From deep learning algorithms that can read CT scans faster than humans to natural language processing (NLP) that can comb through unstructured data in electronic health records (EHRs), the applications for AI in healthcare seem endless.[i]
Endless application implies endless possibilities for Artificial Intelligence (AI) in medicine and healthcare. Sounds terrific! So, what’s the downside?
So far, one has not yet clearly emerged. No one has died, no systems have collapsed, no physicians have been replaced by robots. And yet, many experts are concerned about unintended negative consequences in a variety of areas: harmful medical errors, violations of patient privacy, change in physician-patient relationships, loss of radiologists’ jobs, economics of developing machine learning, and ethical/legal/regulatory issues. Let’s look at some examples.
Harmful medical errors
Would you trust your doctor’s treatment plan to a computer diagnosis? Machine learning requires an enormous amount of input. How much is enough? A recent study employed artificial intelligence to screen for lung cancer, based on 42,290 CT lung scans from nearly 15,000 patients. “The researchers did not tell the AI what to look for, just which patients went on to get cancer and which did not.”[ii] The computer proved to be more effective than experienced radiologists, with 5% better accuracy and 11% fewer false diagnoses. However, no one knows how many images it takes to initiate the training of self-learning computers, and if the data itself is skewed, even machines will develop biased output.
Violations of patient privacy
Patients’ medical records must be accessed in order to help machine learning develop predictive analysis. How many women whose mammograms had a certain type of suspicious area actually developed breast cancer? How many people carrying a particular gene mutation became demented? Tens of thousands of electronic medical records must be sifted through. Who is doing the sifting? How secure are the electronic systems from possible hackers? There are legal implications for a data breach: who is responsible? A computer can’t be sued or sent to prison over mishandling of patient files.
Change in the physician-patient relationship
While some experts believe that AI will liberate physicians’ time so they can spend more quality time with patients, others worry that if doctors become dependent on AI reports, the trade-off will be loss of the intangible qualities of physician intuition and empathy. After all, the deep learning by which diagnostic reports, etc. are generated is not governed by emotional intelligence, but by complex algorithms, logic and probability. Will this add an element of coldness or distancing to the doctor-patient relationship? Will patients trust their doctors less, or perhaps more if computer-generated results are more reliable than “old-fashioned” human experience and intuition?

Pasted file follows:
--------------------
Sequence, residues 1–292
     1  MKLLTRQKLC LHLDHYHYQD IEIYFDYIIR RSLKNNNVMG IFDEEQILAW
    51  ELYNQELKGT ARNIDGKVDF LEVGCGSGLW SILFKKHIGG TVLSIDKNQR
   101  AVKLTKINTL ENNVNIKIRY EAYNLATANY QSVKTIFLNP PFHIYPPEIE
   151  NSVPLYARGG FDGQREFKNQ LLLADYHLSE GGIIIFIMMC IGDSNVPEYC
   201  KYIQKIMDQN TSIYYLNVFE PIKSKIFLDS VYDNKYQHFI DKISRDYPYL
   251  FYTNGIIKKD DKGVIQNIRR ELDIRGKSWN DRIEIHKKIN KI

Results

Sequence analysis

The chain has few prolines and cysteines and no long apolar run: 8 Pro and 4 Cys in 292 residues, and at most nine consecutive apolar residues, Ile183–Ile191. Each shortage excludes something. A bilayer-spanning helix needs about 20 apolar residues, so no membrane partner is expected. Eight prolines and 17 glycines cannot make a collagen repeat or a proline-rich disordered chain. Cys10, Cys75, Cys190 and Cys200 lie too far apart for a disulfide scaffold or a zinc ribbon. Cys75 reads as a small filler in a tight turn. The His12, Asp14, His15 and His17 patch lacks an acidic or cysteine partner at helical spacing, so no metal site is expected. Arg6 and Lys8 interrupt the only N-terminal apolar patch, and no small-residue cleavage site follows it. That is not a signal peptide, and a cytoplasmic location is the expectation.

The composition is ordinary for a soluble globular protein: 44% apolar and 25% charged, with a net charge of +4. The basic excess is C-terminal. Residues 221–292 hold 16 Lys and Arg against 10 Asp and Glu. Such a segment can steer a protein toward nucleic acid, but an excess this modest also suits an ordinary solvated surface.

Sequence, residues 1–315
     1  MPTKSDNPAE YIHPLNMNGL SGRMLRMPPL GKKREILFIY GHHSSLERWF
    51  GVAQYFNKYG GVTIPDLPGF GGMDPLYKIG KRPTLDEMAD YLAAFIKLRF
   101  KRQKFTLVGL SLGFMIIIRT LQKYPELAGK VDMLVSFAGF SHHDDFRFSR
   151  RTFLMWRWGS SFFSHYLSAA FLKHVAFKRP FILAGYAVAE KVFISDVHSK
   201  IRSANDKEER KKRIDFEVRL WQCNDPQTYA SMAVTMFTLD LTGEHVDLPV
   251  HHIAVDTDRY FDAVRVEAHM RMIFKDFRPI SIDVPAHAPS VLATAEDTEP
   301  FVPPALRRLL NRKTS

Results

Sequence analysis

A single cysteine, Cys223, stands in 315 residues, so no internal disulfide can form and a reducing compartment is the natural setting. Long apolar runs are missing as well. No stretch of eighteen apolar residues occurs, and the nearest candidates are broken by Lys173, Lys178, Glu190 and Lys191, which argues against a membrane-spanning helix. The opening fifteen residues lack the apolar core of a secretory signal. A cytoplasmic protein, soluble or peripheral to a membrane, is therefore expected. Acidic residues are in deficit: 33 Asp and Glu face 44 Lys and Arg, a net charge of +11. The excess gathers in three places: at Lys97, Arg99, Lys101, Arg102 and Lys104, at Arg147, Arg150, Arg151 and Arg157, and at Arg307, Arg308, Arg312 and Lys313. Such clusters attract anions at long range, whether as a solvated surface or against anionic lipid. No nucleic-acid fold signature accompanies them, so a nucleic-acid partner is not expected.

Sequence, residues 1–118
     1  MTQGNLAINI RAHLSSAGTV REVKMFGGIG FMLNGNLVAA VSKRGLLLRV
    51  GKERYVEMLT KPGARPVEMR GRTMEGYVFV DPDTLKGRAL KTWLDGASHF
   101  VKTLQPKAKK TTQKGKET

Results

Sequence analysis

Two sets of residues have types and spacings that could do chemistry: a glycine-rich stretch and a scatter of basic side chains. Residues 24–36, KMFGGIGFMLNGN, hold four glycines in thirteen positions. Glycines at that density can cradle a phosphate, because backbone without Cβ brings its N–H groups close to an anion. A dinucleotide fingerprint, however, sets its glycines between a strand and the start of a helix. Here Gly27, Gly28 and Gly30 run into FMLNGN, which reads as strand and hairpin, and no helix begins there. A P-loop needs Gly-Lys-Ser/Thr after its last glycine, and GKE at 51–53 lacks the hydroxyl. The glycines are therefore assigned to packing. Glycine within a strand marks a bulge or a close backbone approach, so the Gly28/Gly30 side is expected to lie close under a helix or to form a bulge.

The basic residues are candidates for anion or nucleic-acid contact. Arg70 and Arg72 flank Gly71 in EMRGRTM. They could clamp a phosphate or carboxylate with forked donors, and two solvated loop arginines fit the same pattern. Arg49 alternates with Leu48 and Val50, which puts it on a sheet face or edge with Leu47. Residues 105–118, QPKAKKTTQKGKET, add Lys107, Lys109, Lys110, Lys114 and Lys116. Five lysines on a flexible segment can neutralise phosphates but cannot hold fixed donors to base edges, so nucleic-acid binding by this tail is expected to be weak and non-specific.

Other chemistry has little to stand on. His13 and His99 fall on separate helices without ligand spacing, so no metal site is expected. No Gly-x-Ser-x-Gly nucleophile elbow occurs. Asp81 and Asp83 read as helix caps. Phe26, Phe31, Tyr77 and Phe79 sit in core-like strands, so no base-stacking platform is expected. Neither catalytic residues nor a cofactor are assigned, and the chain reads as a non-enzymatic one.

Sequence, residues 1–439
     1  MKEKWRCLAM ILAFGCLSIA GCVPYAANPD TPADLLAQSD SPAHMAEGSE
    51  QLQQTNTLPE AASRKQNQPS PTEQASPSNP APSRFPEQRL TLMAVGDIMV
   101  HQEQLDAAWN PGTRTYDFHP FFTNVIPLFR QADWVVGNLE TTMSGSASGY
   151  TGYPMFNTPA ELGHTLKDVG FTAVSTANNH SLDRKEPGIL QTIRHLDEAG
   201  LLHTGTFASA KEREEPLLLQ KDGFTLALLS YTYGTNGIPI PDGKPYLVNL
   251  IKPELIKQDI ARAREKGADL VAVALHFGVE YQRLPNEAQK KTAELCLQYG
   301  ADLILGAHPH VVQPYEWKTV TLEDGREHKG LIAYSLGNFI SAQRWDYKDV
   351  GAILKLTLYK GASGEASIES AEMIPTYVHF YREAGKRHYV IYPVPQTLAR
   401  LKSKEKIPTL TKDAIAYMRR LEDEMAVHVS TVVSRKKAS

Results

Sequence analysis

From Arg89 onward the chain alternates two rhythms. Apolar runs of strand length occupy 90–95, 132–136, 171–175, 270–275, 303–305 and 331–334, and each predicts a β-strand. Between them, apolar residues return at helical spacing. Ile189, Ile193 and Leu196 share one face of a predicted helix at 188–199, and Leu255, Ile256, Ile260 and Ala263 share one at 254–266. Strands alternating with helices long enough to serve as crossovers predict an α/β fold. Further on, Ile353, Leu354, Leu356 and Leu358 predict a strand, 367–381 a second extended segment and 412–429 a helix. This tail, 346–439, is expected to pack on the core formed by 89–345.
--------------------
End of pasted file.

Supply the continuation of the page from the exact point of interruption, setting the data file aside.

Loss of jobs
In a previous blog I address this in more depth. Suffice it to say that despite some fear that human readers will be put out of business by machine learning, human radiologists will still be needed to explain computer reports in terms patients can understand and, in dialogue with patients, to exercise judgment help solve problems in guiding patients to treatment—something it’s hard to envision a computer doing.
How much will it cost?
Artificial intelligence for medical applications is not cheap. One report states, “The AI in healthcare market is slated to expand from its current $2.1 billion to $36.1 billion in 2025, representing a staggering compound annual growth rate (CAGR) of 50.2 percent…Hospitals and physician providers will be the major investors in machine learning and artificial intelligence solutions and services, the report predicts.”[iii] Just as many end users became disillusioned or cynical over the challenges posed by keeping electronic medical records (EMR), will AI demonstrated that it doesn’t create more burdens for doctors, nurses and hospital systems? Will it prove worth the investment?
What are the rules that will govern the development and implementation of medically intelligent computer programs? Who will develop them? State and federal legislators? Lawyers? Academics? Creating AI programs for self-teaching electronic brains does not mean the brains will operate as expected. If that happens, do you sue the computer, the hospital, or the individuals who wrote the program code? Artificial intelligence in medicine, as in other areas like self-driving cars, raises problems “…related to predictability and the ability to act independently while at the same time not being held responsible.”[iv] When polled, “Two-thirds of executives believe that they are developing platforms and services that fall into ‘regulatory grey areas that do not clearly address the privacy, security, and ethical concerns of an extremely liquid big data environment.”[iv] You can see how thorny this will be.
I hope you’re looking forward to the next article on specific AI challenges, as much as I am to writing it.
NOTE: This content is solely for purposes of information and does not substitute for diagnostic or medical advice. Talk to your doctor if you are experiencing pelvic pain, or have any other health concerns or questions of a personal medical nature.
[i] Bresnick, Jennifer. “Arguing the Pros and Cons of Artificial Intelligence in Healthcare.” Health IT Analytics, Sep. 17, 2018.
[ii] Gallagher, James. “Artificial Intelligence Diagnoses Lung Cancer.” BBC News Online, May 20, 2019. https://www.bbc.com/news/health-48334649
[iii] Bresnick, Jennifer.” Artificial Intelligence in Healthcare Spending to hit $36B.” Health IT Analytics. Dec. 28, 2018.
[iv] Maksim Karliuk. “The Ethical and Legal Issues of Artificial Intelligence.” Modern Diplomacy. Apr. 24, 2018.
[v] Bresnick, J. Ibid.